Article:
Spain became the latest euro zone country to announce sweeping austerity measures on Wednesday as the executive European Commission sought unprecedented power to pre-vet national budgets.

Prime Minister Jose Luis Rodriguez Zapatero said Madrid would slash civil service pay by 5 percent this year, freeze it in 2011, cut investment spending and pensions and axe 13,000 public sector jobs in a drive to meet EU deficit targets.

We have to make a singular, exceptional and extraordinary effort to reduce our public deficit and we have to do it when the economy is starting to recover, he told parliament.

The announcement came two days after euro zone governments, the European Central Bank and the IMF agreed on a $1 trillion rescue package to stabilize the euro in exchange for pledges from highly indebted European countries to cut their deficits.

Portugal's finance minister said his government had picked a set of new measures for deeper spending cuts and would discuss them with the opposition before announcing them.

U.S. President Barack Obama, who has intervened in the euro zone crisis because of risks to U.S. banks and economic growth, telephoned Zapatero on Tuesday to press for resolute action to strengthen the Spanish economy, the White House said.

Spain enjoyed more than a decade of rapid growth fueled by EU regional aid and low euro interest rates, and long boasted a healthy budget balance and low debt. But public finances were severely hit by the collapse of a construction bubble in the 2007-8 credit crisis. The economy has lost competitiveness and unemployment stands at 20 percent of the workforce.

After months in denial about the need for tougher measures, Zapatero announced an estimated 6 billion euros in additional savings this year.

European shares rose despite figures showing the euro zone economy got off to a weak start in 2010 that will make deficit cutting harder, with paltry first quarter growth in Germany and France.


In a reminder that east European countries are still keen to join the 16-nation single currency, Estonia won a green light from the European Commission to join the euro area in 2011.

EU finance ministers are expected to ratify the decision in June, but the Baltic state is likely to be the last country to join for at least four years because other candidate countries have seen their deficits rise beyond the EU limit in the crisis.

Spanish and Portuguese borrowing costs soared last week as investors fled peripheral euro zone government bonds amid jitters over Greece's acute debt crisis spread to other highly indebted EU countries.

But Portugal and Germany staged successful bond auctions on Wednesday after European Central Bank purchases of euro zone government debt in the market steadied investors' nerves.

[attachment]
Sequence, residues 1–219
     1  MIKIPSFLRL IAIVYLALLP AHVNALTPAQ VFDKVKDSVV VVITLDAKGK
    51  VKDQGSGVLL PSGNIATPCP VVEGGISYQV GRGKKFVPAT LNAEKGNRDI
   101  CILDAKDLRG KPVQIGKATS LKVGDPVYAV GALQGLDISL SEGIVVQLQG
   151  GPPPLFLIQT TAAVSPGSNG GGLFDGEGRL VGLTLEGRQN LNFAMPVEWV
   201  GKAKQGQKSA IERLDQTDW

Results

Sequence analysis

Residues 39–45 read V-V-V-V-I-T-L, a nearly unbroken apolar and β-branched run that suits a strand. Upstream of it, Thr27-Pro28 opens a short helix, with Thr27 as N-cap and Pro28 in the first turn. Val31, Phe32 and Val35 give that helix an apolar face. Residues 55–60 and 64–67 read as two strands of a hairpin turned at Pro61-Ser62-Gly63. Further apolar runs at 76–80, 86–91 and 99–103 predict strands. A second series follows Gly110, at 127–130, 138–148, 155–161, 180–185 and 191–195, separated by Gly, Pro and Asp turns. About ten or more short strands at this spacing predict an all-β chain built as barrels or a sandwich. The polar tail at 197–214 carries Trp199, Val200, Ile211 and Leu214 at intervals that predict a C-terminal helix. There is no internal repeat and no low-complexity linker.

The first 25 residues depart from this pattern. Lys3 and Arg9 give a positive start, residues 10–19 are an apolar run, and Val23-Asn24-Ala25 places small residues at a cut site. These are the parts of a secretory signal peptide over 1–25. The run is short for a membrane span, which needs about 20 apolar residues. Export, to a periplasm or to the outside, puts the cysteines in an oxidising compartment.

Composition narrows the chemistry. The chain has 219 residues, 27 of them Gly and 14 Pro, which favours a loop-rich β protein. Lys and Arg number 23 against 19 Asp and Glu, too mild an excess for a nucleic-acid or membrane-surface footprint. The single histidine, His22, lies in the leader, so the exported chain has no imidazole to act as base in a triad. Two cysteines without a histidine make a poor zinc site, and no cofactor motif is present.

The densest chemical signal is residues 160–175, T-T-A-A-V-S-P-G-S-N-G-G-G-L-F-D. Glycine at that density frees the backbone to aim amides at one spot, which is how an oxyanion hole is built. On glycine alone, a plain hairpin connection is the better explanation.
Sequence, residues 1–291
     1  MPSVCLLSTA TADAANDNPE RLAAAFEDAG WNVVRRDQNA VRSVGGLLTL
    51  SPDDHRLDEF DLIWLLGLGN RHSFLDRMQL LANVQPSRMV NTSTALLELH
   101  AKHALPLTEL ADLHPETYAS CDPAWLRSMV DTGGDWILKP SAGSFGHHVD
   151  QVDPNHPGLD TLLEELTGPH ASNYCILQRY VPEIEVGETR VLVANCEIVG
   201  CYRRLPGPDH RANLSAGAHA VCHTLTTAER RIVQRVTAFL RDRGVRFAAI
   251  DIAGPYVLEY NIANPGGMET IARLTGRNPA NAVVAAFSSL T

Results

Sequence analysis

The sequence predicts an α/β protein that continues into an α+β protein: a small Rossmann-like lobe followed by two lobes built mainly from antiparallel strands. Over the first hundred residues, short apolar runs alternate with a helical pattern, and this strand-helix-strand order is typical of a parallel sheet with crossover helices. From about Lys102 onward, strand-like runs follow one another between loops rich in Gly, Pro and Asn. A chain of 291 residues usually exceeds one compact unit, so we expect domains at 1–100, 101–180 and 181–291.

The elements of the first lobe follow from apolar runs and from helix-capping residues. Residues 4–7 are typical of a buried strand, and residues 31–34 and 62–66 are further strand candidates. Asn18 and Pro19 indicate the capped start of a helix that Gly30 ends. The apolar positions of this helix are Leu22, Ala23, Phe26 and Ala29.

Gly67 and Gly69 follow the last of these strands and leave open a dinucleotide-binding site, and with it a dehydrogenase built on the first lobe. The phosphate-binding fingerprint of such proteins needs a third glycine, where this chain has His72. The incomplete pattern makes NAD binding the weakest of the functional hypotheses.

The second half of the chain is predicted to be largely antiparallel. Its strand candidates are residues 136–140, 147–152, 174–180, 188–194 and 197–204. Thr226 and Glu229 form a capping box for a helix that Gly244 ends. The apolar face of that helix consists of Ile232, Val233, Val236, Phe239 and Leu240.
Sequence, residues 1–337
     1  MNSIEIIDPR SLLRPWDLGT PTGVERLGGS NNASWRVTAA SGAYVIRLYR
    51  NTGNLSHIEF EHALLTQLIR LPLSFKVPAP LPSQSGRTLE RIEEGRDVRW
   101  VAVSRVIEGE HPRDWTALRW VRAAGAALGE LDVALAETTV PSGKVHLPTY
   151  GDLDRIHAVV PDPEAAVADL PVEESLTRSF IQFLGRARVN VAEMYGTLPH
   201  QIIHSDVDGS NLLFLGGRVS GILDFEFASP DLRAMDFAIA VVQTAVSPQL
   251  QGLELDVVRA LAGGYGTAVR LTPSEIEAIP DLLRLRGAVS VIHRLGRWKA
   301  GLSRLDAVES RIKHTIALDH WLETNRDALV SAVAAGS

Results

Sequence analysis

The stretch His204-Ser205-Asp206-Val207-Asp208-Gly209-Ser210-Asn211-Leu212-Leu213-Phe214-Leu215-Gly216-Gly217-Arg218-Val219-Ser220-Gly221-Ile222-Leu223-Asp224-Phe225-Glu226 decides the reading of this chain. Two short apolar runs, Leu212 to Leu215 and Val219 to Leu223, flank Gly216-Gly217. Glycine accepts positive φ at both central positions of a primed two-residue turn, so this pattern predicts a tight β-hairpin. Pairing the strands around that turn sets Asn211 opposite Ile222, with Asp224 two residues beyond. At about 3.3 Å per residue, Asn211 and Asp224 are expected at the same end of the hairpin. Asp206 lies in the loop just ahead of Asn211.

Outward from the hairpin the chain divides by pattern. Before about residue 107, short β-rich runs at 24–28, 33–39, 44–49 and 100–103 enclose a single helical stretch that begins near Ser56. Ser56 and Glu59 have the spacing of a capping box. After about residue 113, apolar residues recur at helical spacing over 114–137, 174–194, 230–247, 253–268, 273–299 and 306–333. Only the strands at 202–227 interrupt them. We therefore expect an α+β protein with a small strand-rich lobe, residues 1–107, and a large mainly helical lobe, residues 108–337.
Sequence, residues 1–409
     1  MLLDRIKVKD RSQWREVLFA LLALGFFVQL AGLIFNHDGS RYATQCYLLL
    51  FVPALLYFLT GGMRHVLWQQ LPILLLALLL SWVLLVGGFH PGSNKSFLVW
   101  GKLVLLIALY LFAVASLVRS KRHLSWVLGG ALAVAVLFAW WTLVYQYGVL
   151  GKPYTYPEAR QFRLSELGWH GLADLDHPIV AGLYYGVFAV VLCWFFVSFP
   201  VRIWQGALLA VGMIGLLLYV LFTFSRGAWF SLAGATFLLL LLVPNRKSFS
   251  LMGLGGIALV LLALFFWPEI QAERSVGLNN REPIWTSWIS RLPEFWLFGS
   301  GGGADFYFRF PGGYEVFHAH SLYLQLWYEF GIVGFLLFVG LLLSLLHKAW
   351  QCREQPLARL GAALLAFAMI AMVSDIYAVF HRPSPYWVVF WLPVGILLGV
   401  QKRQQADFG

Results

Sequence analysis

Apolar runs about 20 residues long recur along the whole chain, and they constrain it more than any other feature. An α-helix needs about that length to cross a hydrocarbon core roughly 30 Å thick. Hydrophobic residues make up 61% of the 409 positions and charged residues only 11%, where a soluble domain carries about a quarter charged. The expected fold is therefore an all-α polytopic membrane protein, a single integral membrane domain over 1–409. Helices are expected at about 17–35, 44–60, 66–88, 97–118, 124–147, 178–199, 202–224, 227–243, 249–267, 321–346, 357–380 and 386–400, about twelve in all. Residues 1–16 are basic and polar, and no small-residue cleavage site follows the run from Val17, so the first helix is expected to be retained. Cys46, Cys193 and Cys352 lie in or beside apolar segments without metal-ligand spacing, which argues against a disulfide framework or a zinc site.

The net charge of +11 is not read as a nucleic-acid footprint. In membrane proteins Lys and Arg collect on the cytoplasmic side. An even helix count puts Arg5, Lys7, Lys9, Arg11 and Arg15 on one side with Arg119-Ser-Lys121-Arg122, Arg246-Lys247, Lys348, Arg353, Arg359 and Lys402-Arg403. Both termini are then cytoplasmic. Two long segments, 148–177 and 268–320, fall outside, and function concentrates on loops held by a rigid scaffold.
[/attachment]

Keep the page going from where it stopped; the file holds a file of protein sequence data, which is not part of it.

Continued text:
In a drive to tighten fiscal discipline and prevent a re-run of Greece's fraudulent statistics and ballooning deficit, EU Economic and Monetary Affairs Commissioner Olli Rehn unveiled proposals for greater budget coordination on Wednesday.

The key plank would be for governments to submit their draft budgets to Brussels for scrutiny and peer review by other member states before they are adopted by national parliaments.

Rehn said this would enable the Commission and the European Parliament to identify economic challenges for the EU and the euro zone at an earlier stage and recommend changes.

But it is a big challenge to national fiscal sovereignty and is likely to face stiff resistance from euro zone heavyweights France and Germany, which want closer supervision of serial budget sinners' finances, but not of their own.

In a pre-emptive response, French Finance Minister Christine Lagarde suggested on Tuesday that each government should put its so-called stability and growth programme -- a three-year fiscal plan -- to a national parliamentary vote before sending it to Brussels. That could make it harder for EU officials to unpick budget measures.

The Commission also proposed a stricter use of existing sanctions, including a cut-off of EU funds to countries that violated the bloc's budget rules.


Rehn said Greece's crisis had highlighted the weakness of mechanisms which are supposed to show whether European Union governments are sticking to the bloc's budget rules.

The Eurogroup of euro zone finance ministers should also be advised in advance and therefore play a decisive role in the new system of expanded coordination, he said.

ECB policymakers, meanwhile, said their weekend decision to buy euro zone government bonds on the open market was having the desired effect in calming markets and curbing speculation.

Any observer will notice that a number of markets which had been functioning very abnormally are gradually operating more normally, ECB President Jean-Claude Trichet said in an interview on France's Europe 1 radio.

He rejected a warning by ECB governing council member Axel Weber, head of Germany's influential Bundesbank, that the bond purchases could cause inflation.

All the liquidity that is being injected in through these interventions will be taken back. We are not printing money. Our objective is price stability in the medium and long term, Trichet said.

ECB executive board member Juergen Stark said euro zone central banks would hold the government bonds they bought until maturity, and the ECB would resist any political pressure to allow higher inflation to ease governments' debt problems. But he acknowledged other economies might take the inflation route.

Economists have said the United States and Britain may accept higher inflation to cope with their debt mountains, leaving the euro zone out of step with a tight monetary policy.

(additional reporting by Marcin Grajewski in Brussels, Crispian Balmer and Sudip Kar-Gupta in Paris, Axel Bugge, Nigel Davies and Elisabeth O'Leary in Madrid, David Stamp in Berlin; writing by Paul Taylor, editing by Elizabeth Fullerton)